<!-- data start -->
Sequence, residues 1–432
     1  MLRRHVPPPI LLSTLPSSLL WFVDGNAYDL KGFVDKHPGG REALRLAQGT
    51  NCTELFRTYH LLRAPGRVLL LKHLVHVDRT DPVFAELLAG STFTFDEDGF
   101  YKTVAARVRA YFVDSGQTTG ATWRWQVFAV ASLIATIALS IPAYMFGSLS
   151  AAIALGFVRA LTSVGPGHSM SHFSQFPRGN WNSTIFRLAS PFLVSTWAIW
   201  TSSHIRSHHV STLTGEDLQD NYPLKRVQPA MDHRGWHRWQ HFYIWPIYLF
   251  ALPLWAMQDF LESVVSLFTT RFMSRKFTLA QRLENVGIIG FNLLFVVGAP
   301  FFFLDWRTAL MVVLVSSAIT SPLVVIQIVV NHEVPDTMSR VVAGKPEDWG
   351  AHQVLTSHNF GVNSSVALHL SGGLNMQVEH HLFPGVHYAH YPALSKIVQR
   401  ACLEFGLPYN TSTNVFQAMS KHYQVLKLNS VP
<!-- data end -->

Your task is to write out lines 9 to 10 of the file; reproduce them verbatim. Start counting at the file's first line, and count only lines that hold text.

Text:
   351  AHQVLTSHNF GVNSSVALHL SGGLNMQVEH HLFPGVHYAH YPALSKIVQR
   401  ACLEFGLPYN TSTNVFQAMS KHYQVLKLNS VP